• Debt at graduation for graduate and professional students has increased more dramatically than for undergraduate students. “For example, the average debt at graduation for law school graduates increased from $93,336 in 2007-08 to $135,527 in 2011-12 ($11,048 per year) and the debt at graduation for medical school graduates increased from $127,017 to $180,109 ($13,273 per year),” Kantrowitz wrote.
  • These increases in total graduate education loan indebtedness might be attributed to the introduction of the Federal Grad PLUS loan in 2006 and the limited availability of gift aid to graduate and professional school students.
  • Surprisingly, most undergraduates do not graduate with six-figure student loan debt. In fact, less than one percent of undergraduate students graduate with debt exceeding $100, 000. (Unless undergraduate students borrow from non-federal student loan programs, it is impossible for them to graduate with six-figure student loan debt).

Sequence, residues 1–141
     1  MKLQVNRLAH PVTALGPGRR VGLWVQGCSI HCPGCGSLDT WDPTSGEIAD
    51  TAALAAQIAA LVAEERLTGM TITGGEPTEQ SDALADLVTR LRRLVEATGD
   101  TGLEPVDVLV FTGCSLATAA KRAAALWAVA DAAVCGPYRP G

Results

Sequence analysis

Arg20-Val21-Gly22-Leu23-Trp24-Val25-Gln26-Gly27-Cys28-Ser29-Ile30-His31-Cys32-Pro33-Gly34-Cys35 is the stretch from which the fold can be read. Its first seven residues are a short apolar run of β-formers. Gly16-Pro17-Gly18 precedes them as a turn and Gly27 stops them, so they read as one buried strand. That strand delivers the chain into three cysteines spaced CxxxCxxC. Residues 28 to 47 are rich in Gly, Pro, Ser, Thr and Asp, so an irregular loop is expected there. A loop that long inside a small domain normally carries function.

• Six-figure student loan debt is more common for graduate and professional students. Six-figure student loan debt is most common among law school and medical school graduates where nearly 60% and 70%, respectively, of these students graduate with six-figure student loan debt (including both undergraduate and graduate loans). These figures are up sharply from four years ago, when about a third and half of law school and medical school students graduated with six-figure student loan debt.

Kantrowitz suggests that undergraduate and graduate students should borrow no more for their entire education than their expected annual starting salary at graduation. If total student loan debt is less than annual income, the student will be able to repay his or her loans in 10 years or less.

Otherwise, students will find their major lifecycle decisions such as marriage, car and home purchases, raising children and saving for retirement may be adversely affected.